Hawkish about hawkers

Often, when I return at night from some literary event, I wait, at the bus stop outside Mayo Hall, in front of a youngish man selling boiled eggs. It's been less than a year since he began parking his pushcart there, and he materialises only after sundown. I watch commuters succumb to hunger one by one. He smartly knocks off the shell and hands over the egg, sliced, on a piece of paper with pepper and salt on the side.

Eggs, beans and jumpers; soft toys, berries and dictionaries; flowerpots and cookware, kebabs and underwear — there is hardly anything on god's green earth that does not find its way onto a city vendor's plastic sheet or pushcart. Hawkers have been with us for as long as we can remember, supplying whatever we need or fixing whatever is broken. But their existence has always been precarious because they do not own or rent the space they work in. Despite their fundamental right to be self-employed, city authorities consider them illegal. The government usually looks the other way but once in a while, it turns its gaze full upon them and gives them the marching orders.

This is one of those times. The government has suddenly turned hawkish and is trying to evict them. If you go by everything you read in the news about them you'll have a tough time deciding whether you're a hawk or a dove on the hawker question. They have the right to earn an honest living, they are a danger to pedestrians, they sell cheap food that the poor find a boon, they sell unhygienic food that causes diseases — conflicting opinions leave you bemused.

The charges against hawkers appear serious at first glance. Let's take the pavement situation. Hawkers force pedestrians to walk on the road, laying them open to the risk of being run over. Oh please, are you seriously telling me that, but for those pesky pushcarts, you would be gliding smoothly across the kerb with your head held high? Come walk with me down a typical, and not wholly imaginary, section of pavement. First, you bump into a scooter parked sideways, and then you step over two huge stones placed in order to prevent scooters from parking sideways. Bricks, rods and sand indicate that a house nearby is getting a makeover. You hop over a gaping hole, swerve past a lamppost and come up against a man standing, dead centre, talking into his mobile. Then you are subject to the spill-over effect: the furniture shop always has at least one new cane chair, and one old sofa with its stuffing bursting out, displayed on the pavement. The fat green hosepipe of a water lorry filling an apartment sump sprawls across the pavement and part of the road. Customers mill about in front of a sweet shop or bakery, painted grills are left out to dry, and dirty water overflows from a restaurant.

Photo frames, cut flowers, sleeping dogs, stand-up signboards — you'll agree that there is hardly anything on god's green earth that does not find its way onto our city's pavements. Now, if the pedestrian can take all of these hurdles in her halting stride, surely she can put up with a vendor or two. Besides, she needs those helpful hands behind the pushcart as much as the hands need her. The dhobi caters to every apartment on the street where he stands. The zip-repair man has more bags and trousers than he can handle. You might grumble when you have to walk crab-fashion past the fruit vendor but when you stop to buy bananas from her your complaint dies in your throat.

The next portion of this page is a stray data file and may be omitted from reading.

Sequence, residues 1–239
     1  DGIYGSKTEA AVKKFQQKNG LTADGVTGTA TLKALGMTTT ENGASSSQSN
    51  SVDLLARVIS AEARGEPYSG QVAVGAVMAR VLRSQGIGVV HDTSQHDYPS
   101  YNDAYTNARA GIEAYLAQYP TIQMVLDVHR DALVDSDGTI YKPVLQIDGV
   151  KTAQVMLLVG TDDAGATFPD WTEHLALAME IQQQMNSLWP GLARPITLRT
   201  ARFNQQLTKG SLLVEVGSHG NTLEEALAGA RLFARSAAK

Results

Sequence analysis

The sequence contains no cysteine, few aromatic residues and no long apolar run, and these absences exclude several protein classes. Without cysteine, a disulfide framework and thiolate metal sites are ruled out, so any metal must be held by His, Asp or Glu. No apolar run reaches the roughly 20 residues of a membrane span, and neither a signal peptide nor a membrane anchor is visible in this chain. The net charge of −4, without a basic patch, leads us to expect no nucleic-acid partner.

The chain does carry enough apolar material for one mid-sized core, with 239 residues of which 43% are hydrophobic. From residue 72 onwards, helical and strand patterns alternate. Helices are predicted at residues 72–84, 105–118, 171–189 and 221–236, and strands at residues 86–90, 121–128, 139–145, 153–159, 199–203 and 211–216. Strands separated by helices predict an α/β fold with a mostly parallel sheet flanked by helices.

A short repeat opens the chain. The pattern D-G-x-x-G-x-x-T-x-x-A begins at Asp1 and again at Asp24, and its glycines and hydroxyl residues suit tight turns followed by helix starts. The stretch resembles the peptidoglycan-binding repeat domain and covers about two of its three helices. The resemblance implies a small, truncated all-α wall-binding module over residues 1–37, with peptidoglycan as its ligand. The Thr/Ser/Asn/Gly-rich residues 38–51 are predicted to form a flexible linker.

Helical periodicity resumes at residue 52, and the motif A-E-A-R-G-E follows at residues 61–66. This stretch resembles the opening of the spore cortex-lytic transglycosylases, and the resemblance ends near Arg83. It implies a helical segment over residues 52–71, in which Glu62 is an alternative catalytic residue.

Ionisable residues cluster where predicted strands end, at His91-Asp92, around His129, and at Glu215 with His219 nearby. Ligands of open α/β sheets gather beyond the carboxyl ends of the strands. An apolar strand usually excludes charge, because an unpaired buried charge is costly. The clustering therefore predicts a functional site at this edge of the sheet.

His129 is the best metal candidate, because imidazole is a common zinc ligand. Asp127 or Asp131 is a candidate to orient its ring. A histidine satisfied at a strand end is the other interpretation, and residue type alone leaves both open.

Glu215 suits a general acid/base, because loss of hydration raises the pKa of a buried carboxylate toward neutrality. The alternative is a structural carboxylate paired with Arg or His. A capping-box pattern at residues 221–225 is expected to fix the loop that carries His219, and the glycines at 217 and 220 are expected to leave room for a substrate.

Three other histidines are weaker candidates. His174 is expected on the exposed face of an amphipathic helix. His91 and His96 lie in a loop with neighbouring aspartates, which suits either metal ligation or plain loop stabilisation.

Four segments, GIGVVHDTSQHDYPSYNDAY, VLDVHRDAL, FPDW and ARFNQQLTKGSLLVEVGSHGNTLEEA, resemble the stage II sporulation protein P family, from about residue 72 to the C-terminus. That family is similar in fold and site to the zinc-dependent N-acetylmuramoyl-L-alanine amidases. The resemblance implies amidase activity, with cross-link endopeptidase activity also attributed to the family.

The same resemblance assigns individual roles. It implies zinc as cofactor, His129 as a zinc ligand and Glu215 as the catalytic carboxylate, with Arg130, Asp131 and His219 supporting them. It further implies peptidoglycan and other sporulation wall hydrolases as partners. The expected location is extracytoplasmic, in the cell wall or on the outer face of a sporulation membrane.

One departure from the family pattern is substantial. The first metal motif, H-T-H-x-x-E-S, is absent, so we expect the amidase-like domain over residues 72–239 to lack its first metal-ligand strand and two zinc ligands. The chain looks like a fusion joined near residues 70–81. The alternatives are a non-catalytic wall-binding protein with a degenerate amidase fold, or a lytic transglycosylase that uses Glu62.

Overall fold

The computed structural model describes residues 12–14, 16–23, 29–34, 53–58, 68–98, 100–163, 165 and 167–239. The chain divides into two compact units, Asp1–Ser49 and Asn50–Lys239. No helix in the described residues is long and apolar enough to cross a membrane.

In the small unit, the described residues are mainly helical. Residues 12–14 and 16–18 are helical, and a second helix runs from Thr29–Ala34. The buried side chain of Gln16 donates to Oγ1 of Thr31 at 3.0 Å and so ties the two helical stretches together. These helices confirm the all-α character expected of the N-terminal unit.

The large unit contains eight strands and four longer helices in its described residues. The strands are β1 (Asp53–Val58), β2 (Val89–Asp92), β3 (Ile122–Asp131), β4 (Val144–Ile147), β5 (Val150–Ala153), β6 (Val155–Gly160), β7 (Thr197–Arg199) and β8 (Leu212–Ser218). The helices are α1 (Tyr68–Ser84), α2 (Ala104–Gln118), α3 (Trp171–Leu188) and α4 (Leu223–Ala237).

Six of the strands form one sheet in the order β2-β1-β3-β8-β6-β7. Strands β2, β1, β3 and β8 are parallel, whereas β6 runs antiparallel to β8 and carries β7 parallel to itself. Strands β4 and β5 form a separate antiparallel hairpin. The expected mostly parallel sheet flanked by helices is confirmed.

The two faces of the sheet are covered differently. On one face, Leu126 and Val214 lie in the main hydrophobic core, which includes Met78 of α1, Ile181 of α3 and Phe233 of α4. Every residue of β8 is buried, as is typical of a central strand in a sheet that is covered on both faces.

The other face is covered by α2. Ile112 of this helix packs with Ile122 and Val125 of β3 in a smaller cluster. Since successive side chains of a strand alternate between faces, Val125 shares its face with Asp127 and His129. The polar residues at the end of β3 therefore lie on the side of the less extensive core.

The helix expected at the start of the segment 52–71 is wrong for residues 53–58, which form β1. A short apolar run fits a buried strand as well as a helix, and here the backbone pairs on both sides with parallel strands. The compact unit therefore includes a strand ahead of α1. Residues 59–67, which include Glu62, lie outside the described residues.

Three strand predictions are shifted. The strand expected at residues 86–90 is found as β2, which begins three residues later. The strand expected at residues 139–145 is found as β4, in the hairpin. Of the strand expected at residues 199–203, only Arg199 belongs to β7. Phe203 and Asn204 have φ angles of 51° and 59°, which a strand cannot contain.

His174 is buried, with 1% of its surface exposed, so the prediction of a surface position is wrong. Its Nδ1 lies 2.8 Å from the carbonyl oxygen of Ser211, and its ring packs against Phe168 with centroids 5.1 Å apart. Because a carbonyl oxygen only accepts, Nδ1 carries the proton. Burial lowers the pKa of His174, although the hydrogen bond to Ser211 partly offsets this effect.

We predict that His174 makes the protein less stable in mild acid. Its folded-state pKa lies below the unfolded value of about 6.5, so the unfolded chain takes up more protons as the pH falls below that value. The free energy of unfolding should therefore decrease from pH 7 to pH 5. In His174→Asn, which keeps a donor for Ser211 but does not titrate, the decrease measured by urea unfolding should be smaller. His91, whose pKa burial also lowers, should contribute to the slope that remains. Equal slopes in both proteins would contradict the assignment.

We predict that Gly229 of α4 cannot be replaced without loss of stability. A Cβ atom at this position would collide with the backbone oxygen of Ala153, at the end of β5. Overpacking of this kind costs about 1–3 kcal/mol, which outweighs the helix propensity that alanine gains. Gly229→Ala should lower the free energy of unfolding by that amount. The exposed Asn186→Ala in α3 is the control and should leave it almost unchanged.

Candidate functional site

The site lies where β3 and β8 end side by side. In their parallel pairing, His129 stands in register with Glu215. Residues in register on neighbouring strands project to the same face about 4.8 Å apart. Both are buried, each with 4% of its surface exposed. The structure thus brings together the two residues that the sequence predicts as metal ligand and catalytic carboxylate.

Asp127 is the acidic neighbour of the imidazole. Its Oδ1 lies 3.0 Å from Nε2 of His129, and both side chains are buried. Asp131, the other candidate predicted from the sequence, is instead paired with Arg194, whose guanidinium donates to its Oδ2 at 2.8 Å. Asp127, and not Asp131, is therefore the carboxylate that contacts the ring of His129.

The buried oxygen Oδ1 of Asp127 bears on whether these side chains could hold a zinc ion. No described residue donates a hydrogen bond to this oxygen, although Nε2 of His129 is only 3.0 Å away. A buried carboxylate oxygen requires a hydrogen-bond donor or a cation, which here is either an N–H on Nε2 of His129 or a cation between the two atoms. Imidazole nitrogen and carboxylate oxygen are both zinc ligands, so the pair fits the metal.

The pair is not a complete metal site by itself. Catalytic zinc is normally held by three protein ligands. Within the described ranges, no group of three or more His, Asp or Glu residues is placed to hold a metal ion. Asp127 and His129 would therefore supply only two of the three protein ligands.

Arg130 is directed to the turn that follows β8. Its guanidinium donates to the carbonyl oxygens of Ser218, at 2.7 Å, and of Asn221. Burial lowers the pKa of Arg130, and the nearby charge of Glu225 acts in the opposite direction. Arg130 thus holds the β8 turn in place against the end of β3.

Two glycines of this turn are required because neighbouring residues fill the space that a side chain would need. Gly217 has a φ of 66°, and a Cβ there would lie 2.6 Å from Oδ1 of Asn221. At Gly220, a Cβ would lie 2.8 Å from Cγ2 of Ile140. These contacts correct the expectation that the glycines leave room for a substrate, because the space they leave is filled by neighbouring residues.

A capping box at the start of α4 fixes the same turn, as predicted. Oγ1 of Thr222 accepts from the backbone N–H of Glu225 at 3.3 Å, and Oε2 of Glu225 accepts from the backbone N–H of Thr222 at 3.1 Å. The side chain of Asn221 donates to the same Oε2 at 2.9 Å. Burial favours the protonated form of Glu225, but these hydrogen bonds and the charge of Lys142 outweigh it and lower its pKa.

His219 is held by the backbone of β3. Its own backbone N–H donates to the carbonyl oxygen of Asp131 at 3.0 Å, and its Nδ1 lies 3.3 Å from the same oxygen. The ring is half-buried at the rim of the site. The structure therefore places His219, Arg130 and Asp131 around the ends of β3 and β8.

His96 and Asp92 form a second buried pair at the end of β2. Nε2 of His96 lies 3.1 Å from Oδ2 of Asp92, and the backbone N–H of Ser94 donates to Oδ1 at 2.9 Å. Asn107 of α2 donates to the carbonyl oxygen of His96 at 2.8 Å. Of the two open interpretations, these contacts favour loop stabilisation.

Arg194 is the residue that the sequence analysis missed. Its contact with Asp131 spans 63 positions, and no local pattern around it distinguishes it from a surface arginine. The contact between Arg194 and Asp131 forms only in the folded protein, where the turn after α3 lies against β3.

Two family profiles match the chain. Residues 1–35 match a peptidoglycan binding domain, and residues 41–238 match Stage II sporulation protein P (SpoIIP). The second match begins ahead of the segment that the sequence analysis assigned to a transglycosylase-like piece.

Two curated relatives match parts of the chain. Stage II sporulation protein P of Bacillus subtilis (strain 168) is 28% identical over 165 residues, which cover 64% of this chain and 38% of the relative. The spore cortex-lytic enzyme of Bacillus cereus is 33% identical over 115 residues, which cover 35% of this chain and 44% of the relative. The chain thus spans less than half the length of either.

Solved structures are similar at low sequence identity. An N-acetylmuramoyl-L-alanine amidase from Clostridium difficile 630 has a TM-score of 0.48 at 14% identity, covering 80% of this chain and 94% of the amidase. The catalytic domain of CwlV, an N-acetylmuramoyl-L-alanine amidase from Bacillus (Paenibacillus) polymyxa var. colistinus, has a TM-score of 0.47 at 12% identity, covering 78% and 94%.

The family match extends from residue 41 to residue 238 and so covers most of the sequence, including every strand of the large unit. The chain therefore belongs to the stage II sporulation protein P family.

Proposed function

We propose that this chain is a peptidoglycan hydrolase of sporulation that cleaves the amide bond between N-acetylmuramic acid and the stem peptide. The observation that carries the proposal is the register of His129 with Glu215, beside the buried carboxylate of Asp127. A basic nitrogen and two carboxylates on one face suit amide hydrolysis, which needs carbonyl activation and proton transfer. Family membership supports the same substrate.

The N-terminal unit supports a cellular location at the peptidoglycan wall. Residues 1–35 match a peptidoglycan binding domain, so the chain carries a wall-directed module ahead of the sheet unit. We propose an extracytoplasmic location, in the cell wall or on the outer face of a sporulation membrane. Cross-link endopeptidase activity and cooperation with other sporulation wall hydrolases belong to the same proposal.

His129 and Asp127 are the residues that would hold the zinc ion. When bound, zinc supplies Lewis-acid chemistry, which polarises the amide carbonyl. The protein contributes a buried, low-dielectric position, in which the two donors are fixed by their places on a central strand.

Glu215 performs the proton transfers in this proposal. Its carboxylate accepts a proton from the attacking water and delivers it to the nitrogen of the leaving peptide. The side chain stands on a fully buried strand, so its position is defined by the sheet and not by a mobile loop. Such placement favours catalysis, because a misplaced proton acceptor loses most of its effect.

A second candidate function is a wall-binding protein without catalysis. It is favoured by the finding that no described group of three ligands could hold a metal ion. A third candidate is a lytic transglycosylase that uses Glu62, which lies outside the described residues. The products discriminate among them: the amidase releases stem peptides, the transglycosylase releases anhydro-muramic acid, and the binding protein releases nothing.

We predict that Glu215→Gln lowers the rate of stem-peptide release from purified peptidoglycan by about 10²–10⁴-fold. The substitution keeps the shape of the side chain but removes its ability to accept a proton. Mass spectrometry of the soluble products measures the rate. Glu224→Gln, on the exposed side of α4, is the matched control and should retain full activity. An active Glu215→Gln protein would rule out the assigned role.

There are complaints that food vendors don't bother about cleanliness. Here we get into delicate territory. We don't need studies done by microbiology departments to know that roadside food teems with bacteria. The universe is filled with bacteria and not all of it kills you. Stomachs housed in sterilised surroundings, where chemicals obliterate every single germ, may not be able to digest the hawker's offerings. The poor survive on cheap food during or after a hard day's work, and no doubt they have high levels of immunity, because you don't see them falling ill or dying in the thousands everyday. I am not glossing over the seasonal outbreaks of gastroenteritis, but have they all been traced to the food and water served by the street hawker? Small restaurants, too, are culpable, not to mention sewage leaking into water pipes in poorer localities, and tankers that supply water of dubious quality from questionable sources.

To have designated hawking zones is a suggestion that some have put forth. But even as vendors move into these areas, the spots they have vacated are going to be immediately filled by other, newer vendors. Because the truth is that there is no lack of poverty in our city, no dearth of unemployed men and women finding ways to earn a decent living.

Before you puff out your chest and boast of national growth, as Independence Day approaches, keep in mind the growth of the unorganised sector. If lakhs of jobless people decide to be masters and mistresses of their own fate, should we call them a nuisance or salute their spirit of enterprise? The answer, I think, is evident.

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Printable version | May 27, 2022 1:33:10 am |